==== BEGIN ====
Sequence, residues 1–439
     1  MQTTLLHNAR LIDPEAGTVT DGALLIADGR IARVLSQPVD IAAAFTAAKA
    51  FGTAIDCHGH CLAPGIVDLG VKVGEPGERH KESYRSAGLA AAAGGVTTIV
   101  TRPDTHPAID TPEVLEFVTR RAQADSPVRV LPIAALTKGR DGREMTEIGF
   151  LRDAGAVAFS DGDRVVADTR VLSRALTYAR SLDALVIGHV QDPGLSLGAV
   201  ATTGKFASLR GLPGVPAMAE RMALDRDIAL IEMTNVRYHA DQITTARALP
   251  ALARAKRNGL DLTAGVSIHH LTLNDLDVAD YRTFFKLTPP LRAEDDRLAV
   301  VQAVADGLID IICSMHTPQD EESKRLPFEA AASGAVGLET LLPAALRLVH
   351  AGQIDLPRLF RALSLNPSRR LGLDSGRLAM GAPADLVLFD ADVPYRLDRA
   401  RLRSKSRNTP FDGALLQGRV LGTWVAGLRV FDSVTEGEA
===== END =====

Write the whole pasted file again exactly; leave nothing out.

Sequence, residues 1–439
     1  MQTTLLHNAR LIDPEAGTVT DGALLIADGR IARVLSQPVD IAAAFTAAKA
    51  FGTAIDCHGH CLAPGIVDLG VKVGEPGERH KESYRSAGLA AAAGGVTTIV
   101  TRPDTHPAID TPEVLEFVTR RAQADSPVRV LPIAALTKGR DGREMTEIGF
   151  LRDAGAVAFS DGDRVVADTR VLSRALTYAR SLDALVIGHV QDPGLSLGAV
   201  ATTGKFASLR GLPGVPAMAE RMALDRDIAL IEMTNVRYHA DQITTARALP
   251  ALARAKRNGL DLTAGVSIHH LTLNDLDVAD YRTFFKLTPP LRAEDDRLAV
   301  VQAVADGLID IICSMHTPQD EESKRLPFEA AASGAVGLET LLPAALRLVH
   351  AGQIDLPRLF RALSLNPSRR LGLDSGRLAM GAPADLVLFD ADVPYRLDRA
   401  RLRSKSRNTP FDGALLQGRV LGTWVAGLRV FDSVTEGEA